DERC Newsletter

No. 44 Winter 1999 / Spring 2000

 

In this issue:

Over the last few months, DERC seems to have been in a continual state of flux. Nick Button has begun work on Professor Good's Botanical Archive (supported by the Heritage Lottery Fund). Alison Stewart (Computer Officer) has left on maternity leave and her post is being covered by Philip Harvell. Meanwhile, we have moved offices once again. Despite all the disruption we have settled into our new accommodation, on top of the library in Dorchester, and seem to be busier than ever.

Gad Cliff

Gad Cliff

Philip has taken on the creation of our first DERC web-site. It will include an introduction to DERC, up-dates on projects and articles on species and habitats. We would be very interested to hear your views, what other information would you find useful? How can we use the web to encourage recording in Dorset? Please let us know.

And finally, if you have not yet sent in your records for 1999, please do. As always we rely on your input to keep our information as up-to-date as possible. Records can be sent, e-mailed or recorders are welcome to visit the office (and see the new technology). The dates for our first workshops have been set, and we hope to see many of you there.

Carolyn Steele (Record Centre Manager)

Stag Beetle Update

Stag Beetle

Stag Beetle

Drawing: Robin Walls

Last year both DERC and The Dorset Wildlife Trust asked you to be on the lookout for that most distinctive of beetles the Stag beetle. All your sightings were forwarded to the organisers of the National Stag Beetle Survey and have been used to create a preliminary distribution map. The results shows that the main centres for this beetle are Greater London (3,068 records), Surrey (1,425 records) and Hampshire (1,042 records). There were 571 sightings reported from Dorset, a total which establishes us as one of the top ten counties. The majority of the sightings were in the south east of the county with only a few scattered sites to the west. If anyone has seen the beetle, particularly in the west but has not reported it please can you send the location and date to DERC so that the final map gives a true indication of its distribution. The final results will be shown on our web-site this summer. At the moment we know of a number of veteran tree sites in Dorset plus c.40 other trees in hedges or standing in small groups. According to the distribution map most of these trees are found in North and West Dorset, with scattered specimens elsewhere.

A New Record For Dorset

The flora of Dorset has been well documented and the discovery of new county species, other than aliens (usually garden escapes) is now quite unusual. This however is not the case for invertebrates. Other than butterflies, moths, dragonflies and hoverflies the fauna has not been well documented and records are scattered throughout the country and literature. Because of this, new county records are difficult to substantiate. However one new species of fly can be reported with confidence. Campsicnemus umbripennis hispanicus Strobl (Dolichopididae) was found by a member of the Dipterist Forum Field Meeting in 1998 at Spittles near Lyme Regis. This species is not only new to Dorset but also new to the British Isles, its previous known range being Spain, the French Pyrenees and Portugal.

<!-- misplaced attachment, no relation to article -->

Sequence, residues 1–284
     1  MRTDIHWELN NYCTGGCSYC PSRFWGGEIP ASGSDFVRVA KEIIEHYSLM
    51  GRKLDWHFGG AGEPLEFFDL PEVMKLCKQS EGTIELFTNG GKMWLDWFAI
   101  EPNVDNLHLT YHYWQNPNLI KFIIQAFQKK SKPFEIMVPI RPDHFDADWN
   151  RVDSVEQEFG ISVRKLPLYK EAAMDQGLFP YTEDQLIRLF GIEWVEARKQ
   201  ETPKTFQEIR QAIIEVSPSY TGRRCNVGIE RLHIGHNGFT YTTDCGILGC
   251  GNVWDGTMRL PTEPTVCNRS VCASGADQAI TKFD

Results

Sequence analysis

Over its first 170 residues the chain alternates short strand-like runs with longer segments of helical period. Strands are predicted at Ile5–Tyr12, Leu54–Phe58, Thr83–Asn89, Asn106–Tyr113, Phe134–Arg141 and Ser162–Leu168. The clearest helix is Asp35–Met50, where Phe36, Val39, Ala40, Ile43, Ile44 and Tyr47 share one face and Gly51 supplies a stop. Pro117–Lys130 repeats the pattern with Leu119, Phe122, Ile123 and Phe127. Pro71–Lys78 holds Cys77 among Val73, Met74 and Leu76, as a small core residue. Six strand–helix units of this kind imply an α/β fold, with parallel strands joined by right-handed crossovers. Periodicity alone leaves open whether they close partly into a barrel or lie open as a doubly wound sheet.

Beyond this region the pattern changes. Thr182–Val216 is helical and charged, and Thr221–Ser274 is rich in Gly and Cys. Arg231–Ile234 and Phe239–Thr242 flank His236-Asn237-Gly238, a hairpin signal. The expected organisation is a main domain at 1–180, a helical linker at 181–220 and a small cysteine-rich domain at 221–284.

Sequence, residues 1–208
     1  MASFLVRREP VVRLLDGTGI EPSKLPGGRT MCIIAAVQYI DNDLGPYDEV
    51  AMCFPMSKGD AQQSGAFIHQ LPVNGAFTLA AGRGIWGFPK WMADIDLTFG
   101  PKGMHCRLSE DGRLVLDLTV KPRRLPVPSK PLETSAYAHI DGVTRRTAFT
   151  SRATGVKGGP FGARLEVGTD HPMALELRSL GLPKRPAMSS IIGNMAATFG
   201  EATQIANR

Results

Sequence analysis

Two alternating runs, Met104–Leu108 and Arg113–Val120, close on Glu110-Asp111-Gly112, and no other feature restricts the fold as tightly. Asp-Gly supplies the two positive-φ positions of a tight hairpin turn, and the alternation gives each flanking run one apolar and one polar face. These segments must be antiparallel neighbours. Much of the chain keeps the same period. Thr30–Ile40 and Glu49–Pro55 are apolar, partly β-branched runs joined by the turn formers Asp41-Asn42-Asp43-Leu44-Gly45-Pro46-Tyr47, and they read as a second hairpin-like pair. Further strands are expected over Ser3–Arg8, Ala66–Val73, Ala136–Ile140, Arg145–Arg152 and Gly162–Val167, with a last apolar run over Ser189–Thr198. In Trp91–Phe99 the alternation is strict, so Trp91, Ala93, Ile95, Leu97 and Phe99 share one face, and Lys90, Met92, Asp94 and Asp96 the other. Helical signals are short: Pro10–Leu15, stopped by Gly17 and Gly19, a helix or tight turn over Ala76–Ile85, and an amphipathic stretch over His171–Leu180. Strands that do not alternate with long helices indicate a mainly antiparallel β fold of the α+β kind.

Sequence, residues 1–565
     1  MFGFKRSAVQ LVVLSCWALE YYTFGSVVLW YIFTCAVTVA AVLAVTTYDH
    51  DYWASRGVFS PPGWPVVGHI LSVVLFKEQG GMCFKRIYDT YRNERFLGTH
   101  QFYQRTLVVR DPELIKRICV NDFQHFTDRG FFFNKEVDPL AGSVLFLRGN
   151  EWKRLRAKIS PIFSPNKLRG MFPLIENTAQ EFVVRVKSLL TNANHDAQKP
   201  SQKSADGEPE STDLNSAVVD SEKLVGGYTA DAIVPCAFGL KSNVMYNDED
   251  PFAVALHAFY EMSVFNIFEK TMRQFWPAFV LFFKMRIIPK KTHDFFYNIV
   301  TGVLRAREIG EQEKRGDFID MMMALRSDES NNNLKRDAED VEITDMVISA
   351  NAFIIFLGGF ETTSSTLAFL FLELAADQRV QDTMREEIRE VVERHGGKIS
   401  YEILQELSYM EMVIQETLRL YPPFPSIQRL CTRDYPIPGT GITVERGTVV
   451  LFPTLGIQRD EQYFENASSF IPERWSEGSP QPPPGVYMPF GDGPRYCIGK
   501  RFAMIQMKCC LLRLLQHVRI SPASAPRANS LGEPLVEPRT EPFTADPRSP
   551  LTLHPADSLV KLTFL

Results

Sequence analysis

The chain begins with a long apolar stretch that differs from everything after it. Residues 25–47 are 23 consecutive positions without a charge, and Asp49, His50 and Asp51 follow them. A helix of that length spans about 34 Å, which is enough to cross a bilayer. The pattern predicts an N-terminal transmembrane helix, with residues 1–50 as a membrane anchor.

Wasp Spider Makes The News

Agriope bruennichi

Agriope bruennichi

Readers of the Dorset Evening Echo will remember that on the 7th September the front page carried an excellent picture of the wasp spider Agriope bruennichi together will the headline 'New foreign invasion'. Whilst it is good to see that occasionally invertebrates can be front page news it is a pity that the text did not give a true representation of the facts i.e. that the spider is relatively common in Dorset with well over 150 sightings mainly from the east of the county (see distribution map in Newsletter No 43) and that the first known record from Dorset is for Southbourne in 1940, hardly a new invader. Thank you to everyone who has sent in new records of this spectacular spider.

New Dorset Flora

Flora of Dorset

Flora of Dorset

Humphrey Bowen

An entirely new Flora of Dorset by Humphry Bowen is due to appear early summer of 2000. In addition to full notes on the flowering plants and ferns, it will include up-to-date check-lists, with localities for rarer species of bryophytes, lichens, fungi, charophytes and marine algae. Earlier chapters by local experts cover physical features of Dorset, vegetation, human effects and early Dorset botanists. Illustrations include 800 tetrad maps, sketches by Anita Pearman and many colour pictures.

The hardback flora will cost about 40 with a 25% reduction for pre-publication orders from the publishers:

The Nature Conservation Bureau, 35 Kingfisher Court, Hambridge Road, Newbury RG14 5SJ.